Soothing start to childhood weight problems

Pacifying infants with food may raise likelihood of later obesity

BALTIMORE — Parents who use food to sooth anger- and tantrum-prone infants may raise the likelihood of those youngsters becoming overweight or obese, according to preliminary evidence presented March 13 by psychologist Cynthia Stifter of Pennsylvania State University in University Park.

“This type of parental behavior may promote an association between food and comfort in kids who are temperamentally disposed to anger,” Stifter said at the International Conference on Infant Studies. It’s already known that equating food with comfort is linked to adult obesity.

Stifter directed a survey of 100 mothers of youngsters between 3 months and 3 years old. About half the mothers were overweight or obese.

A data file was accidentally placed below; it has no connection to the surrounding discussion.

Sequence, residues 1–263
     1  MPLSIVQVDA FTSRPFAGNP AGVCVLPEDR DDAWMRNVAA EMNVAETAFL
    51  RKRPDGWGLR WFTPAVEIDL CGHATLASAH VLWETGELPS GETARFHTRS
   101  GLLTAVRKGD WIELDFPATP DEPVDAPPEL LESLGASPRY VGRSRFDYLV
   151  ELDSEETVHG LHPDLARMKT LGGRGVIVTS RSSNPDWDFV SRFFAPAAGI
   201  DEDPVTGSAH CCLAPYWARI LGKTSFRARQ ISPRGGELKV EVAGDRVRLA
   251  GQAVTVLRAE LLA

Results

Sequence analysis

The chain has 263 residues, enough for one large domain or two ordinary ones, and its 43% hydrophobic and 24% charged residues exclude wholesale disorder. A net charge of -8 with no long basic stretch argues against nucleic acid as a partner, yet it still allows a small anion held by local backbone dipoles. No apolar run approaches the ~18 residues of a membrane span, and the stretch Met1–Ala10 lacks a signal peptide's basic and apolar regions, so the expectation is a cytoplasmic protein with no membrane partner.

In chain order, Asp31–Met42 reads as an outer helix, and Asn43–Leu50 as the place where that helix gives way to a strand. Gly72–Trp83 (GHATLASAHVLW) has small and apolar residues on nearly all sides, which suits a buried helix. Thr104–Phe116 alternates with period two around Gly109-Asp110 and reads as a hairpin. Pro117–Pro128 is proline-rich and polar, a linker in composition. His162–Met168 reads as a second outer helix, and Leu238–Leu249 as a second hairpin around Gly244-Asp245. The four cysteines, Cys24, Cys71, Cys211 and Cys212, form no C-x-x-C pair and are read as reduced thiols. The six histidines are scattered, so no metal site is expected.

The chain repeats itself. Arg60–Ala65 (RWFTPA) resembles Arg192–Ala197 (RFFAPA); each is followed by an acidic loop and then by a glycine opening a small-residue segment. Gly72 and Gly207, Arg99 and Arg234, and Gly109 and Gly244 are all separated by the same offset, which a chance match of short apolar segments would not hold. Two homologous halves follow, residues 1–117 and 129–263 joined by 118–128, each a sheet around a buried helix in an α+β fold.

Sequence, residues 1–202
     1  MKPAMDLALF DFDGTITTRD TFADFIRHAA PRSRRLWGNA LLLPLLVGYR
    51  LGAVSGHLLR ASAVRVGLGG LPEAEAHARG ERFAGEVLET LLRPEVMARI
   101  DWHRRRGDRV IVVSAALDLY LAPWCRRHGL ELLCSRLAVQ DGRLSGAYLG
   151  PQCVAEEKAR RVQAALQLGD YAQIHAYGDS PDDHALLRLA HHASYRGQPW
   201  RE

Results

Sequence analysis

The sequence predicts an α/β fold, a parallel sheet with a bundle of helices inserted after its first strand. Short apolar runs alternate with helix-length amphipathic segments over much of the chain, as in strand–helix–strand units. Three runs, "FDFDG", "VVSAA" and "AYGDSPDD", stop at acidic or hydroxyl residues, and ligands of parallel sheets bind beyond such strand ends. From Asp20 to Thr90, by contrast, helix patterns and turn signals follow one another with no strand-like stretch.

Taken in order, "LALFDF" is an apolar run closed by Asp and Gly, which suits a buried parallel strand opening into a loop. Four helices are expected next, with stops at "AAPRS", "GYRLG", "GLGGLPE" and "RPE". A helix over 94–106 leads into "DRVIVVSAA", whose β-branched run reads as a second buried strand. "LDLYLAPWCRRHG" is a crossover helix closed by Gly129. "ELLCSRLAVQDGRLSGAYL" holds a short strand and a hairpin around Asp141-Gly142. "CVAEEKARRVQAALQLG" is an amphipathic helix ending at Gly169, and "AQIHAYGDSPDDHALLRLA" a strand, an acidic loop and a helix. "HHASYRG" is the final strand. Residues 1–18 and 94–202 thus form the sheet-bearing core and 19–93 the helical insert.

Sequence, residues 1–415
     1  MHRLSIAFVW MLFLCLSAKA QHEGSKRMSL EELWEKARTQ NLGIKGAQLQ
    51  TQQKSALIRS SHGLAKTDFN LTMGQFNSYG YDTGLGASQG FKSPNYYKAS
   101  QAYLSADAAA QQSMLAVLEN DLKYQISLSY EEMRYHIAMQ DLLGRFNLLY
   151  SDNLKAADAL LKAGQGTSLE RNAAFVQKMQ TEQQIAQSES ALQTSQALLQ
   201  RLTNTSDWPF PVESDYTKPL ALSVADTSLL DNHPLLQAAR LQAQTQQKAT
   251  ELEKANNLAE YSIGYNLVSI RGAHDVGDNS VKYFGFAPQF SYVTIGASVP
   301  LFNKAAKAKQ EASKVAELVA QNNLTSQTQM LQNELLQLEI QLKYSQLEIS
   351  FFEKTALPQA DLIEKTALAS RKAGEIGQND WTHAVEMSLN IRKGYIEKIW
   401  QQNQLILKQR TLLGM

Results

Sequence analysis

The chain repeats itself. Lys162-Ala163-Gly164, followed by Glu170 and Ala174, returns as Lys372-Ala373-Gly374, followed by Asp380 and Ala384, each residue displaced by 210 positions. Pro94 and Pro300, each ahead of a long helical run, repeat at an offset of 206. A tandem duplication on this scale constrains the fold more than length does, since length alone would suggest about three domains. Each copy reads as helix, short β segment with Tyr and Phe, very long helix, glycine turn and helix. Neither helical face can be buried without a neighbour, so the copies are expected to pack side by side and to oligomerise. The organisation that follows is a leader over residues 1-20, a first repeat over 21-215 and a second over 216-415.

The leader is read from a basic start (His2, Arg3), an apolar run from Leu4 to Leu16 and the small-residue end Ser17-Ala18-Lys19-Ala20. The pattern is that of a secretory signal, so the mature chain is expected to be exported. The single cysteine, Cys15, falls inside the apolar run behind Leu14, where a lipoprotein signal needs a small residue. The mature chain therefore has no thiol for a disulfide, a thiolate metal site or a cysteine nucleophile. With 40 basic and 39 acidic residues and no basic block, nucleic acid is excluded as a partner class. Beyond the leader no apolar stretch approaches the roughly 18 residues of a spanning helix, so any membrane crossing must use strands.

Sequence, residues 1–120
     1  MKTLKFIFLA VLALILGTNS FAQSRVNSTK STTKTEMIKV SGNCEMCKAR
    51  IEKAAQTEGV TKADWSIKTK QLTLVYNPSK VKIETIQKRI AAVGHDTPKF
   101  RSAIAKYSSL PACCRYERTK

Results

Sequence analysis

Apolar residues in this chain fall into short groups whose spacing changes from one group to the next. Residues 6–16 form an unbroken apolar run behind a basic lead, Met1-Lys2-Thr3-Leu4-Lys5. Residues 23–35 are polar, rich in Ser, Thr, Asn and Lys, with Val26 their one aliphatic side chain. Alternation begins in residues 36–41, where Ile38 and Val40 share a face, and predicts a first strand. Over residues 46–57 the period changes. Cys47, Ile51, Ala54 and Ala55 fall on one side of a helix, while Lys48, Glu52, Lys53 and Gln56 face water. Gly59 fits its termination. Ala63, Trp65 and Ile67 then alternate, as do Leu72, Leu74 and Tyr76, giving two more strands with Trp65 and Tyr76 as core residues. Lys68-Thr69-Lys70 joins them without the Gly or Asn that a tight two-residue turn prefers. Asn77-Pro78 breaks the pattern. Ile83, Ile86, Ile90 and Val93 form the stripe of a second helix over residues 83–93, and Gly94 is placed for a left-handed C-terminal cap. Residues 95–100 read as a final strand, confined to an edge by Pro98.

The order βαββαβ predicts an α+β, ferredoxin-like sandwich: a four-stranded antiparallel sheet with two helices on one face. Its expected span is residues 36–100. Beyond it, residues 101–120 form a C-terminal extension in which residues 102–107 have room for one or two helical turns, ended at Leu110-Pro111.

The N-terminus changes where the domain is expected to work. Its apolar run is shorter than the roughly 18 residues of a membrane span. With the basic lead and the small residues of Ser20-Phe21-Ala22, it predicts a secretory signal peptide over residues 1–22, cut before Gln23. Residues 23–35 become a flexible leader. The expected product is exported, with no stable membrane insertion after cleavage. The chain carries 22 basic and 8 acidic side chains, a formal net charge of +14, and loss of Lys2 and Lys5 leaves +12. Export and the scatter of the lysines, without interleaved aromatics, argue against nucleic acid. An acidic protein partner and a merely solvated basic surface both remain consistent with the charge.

Mothers who described their children as inclined to getting upset and throwing tantrums also reported having frequently used food to sooth them, especially as a last resort in public places. Temperamentally difficult youngsters weighed increasingly more, relative to height, the more their mothers used food to calm and control them.

Stifter’s team also found that the heaviest children tended to have overweight mothers who rated themselves as poor parents. Long-term studies need to examine whether an early association of food with comfort influences the development of some cases of child and adult obesity, Stifter said. 

Bruce Bower

Bruce Bower has written about the behavioral sciences for Science News since 1984. He writes about psychology, anthropology, archaeology and mental health issues.

More Stories from Science News on Psychology

From the Nature Index

Paid Content